How to attach wires to the posts of a Lionel train transformer

It took me 20 years to find out I was connecting the wires to my train transformer wrong–and this applies to American Flyer and Marx just as much as to Lionel–and I don’t want the same thing to happen to you. I was making it far, far too difficult to attach wires to the posts of a Lionel train transformer.

Modern transformers have a groove in the post to accept a wire, but vintage transformers don’t. If you’re having problems with the wires coming off your transformer while you try to cinch them down, here’s how to connect to a vintage transformer in three simple steps.

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Available diameters of tubular O and O27 track

Available diameters of tubular O and O27 track

A frequent question, especially for those who are just discovering or rediscovering vintage Lionel and Marx trains is what sizes of track are (or were) available, and how many pieces come to a circle.

Unlike other scales, Lionel marketed its track by diameter, not radius. As you undoubtedly remember from geometry class, radius is the distance from the center of the circle to the edge, while diameter is the distance from edge to edge. So a circle of O27 track is approximately 27 inches wide. O27 track stands about 7/16 of an inch tall, while higher end O gauge (also sometimes called O31) track stands about a quarter inch taller, at about 11/16 of an inch tall.

While we’re on the topic of track, here are some tips for connecting track if your new track isn’t going together as easily as it could, and some tips for screws to attach track to the table.

Here are the available sizes, in ascending order.

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Nostalgia can make you younger

This month’s Social Engineer podcast featured psychology professor Dr. Ellen Langer, whose specialty is mindfulness. Dr. Langer brought up a lot of important things, including the idea of work-life integration rather than the more difficult work-life balance, but another thing she briefly touched on really resonated with me. She brought up a study, originally done in the late 1970s, where a group of 80-somethings were immersed in 1959 for a week. At the end of the week, they didn’t act like 80-somethings anymore. It seems nostalgia can make you younger.

That got me thinking about the power of nostalgia.

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What size and voltage to use for Lionel train light sockets

Lionel used 15 different types of light bulbs in its O gauge electric trains in the postwar era, but in most cases–87% of catalog numbers, and a lot more than that in actual number of items produced–you can get by with two.

Lionel almost always specified 14 or 18 volts. Using an 18-volt bulb in place of a 14-volt original, or a 22-volt bulb in place of an 18-volt original results in longer service life. And there were two base types that Lionel used more than any other. Read more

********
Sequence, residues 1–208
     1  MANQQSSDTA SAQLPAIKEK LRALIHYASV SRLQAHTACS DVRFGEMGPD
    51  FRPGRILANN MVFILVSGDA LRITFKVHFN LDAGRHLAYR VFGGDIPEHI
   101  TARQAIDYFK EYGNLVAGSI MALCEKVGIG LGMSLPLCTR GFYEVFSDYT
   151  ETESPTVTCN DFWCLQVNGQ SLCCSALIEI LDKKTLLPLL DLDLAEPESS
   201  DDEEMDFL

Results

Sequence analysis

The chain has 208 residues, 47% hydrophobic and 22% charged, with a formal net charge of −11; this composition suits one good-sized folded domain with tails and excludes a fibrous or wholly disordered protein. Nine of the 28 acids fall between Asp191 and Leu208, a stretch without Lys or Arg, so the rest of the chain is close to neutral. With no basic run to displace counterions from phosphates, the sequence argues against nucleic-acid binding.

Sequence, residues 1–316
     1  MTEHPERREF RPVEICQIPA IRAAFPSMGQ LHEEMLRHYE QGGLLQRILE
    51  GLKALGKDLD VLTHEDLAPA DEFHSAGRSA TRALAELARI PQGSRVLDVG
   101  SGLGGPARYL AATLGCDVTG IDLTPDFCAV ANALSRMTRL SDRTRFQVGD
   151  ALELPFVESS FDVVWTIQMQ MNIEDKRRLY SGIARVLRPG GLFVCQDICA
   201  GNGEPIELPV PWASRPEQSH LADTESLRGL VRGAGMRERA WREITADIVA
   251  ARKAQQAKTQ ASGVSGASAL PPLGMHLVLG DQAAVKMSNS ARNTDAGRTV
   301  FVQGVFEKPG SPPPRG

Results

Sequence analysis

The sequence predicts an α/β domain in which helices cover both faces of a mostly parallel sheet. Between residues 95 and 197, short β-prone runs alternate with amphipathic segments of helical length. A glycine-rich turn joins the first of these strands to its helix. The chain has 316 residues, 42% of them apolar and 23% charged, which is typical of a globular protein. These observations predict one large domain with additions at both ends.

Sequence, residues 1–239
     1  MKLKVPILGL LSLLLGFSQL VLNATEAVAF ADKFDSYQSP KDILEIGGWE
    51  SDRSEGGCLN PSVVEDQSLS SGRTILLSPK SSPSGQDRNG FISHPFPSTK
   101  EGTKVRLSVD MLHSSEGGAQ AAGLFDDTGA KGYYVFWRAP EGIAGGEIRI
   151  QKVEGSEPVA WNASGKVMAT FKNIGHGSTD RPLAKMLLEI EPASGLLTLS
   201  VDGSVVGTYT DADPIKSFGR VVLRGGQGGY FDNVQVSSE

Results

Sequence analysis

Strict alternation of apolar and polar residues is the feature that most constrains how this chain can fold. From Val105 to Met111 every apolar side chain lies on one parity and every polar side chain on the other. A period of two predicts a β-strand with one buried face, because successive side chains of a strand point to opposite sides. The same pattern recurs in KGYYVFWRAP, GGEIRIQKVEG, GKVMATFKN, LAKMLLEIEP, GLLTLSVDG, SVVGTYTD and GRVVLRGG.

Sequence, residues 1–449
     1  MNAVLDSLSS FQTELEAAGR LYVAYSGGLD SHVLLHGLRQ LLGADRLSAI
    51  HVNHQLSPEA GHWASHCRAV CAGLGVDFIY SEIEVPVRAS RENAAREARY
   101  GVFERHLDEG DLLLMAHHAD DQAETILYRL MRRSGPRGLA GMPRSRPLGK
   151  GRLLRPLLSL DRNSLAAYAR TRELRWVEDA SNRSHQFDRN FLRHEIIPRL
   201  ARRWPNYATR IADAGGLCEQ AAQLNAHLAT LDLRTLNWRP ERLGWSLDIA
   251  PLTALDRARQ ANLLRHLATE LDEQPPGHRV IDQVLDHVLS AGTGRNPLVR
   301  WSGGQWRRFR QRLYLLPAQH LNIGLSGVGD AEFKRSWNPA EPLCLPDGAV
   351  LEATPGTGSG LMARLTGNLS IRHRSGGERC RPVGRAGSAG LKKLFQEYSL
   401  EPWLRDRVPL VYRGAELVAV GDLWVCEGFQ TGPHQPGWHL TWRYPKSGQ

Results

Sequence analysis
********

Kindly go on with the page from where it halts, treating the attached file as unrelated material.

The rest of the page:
Lessons from my son’s first Pinewood Derby

One of my coworkers, a guy with an infectious laugh named Jamaal, organized a get-together on Friday. My boss asked me if I was going.

“Sorry, it’s my son’s first Pinewood Derby,” I said. I had to explain to my boss what that was–I don’t think he was ever a Cub Scout or Boy Scout–but he was intrigued.

For whatever reason, when I was a kid my dad didn’t take the opportunity to teach me as much as he could have when we built Pinewood Derby cars, but I told my boss the only good physics lesson I ever got in my life was when Dad explained to me how a Lionel train worked. Here’s something cool you can do with math and science, and I never had a teacher show me anything cool you can do with those two things. Read more

Why you can’t get a $50 replacement sound/control board for your modern Lionel train

Every so often, some people start raging on the train forums, or even in the pages of the magazines, about modern electronics in modern O gauge trains. The modern electronics make the model trains sound just like real trains, but eventually heat and power surges take their toll, the board goes poof, and now that $2,000 toy train doesn’t work anymore and needs a $300 replacement circuit board.

And by the time that happens, that $300 replacement circuit board might be out of production, and no longer available at any price.

Which has led to countless calls for some enterprising hobbyist to become a multimillionaire by inventing a $50 replacement board that works on every train.

There are several reasons for the situation. Read more

Model railroading as fan fiction

Dan Bowman sent me this a couple of weeks ago, and I found myself agreeing with it: Model railroading is a form of fan fiction.

It seems like a good way to look at it. Every model railroad is a compromise. By my rough estimations, it’s 4.1 miles from Dupo, Illinois to Cahokia, but even if you model in Z scale, you’ll need 97 linear feet to model that line. I would think it would be very difficult to build a Z scale layout of that size–it would take a huge basement–and only put two towns on it. So, at the very least, people put their towns closer together and use a fast clock to make up for the compression. Some people compromise a lot more than that. Read more

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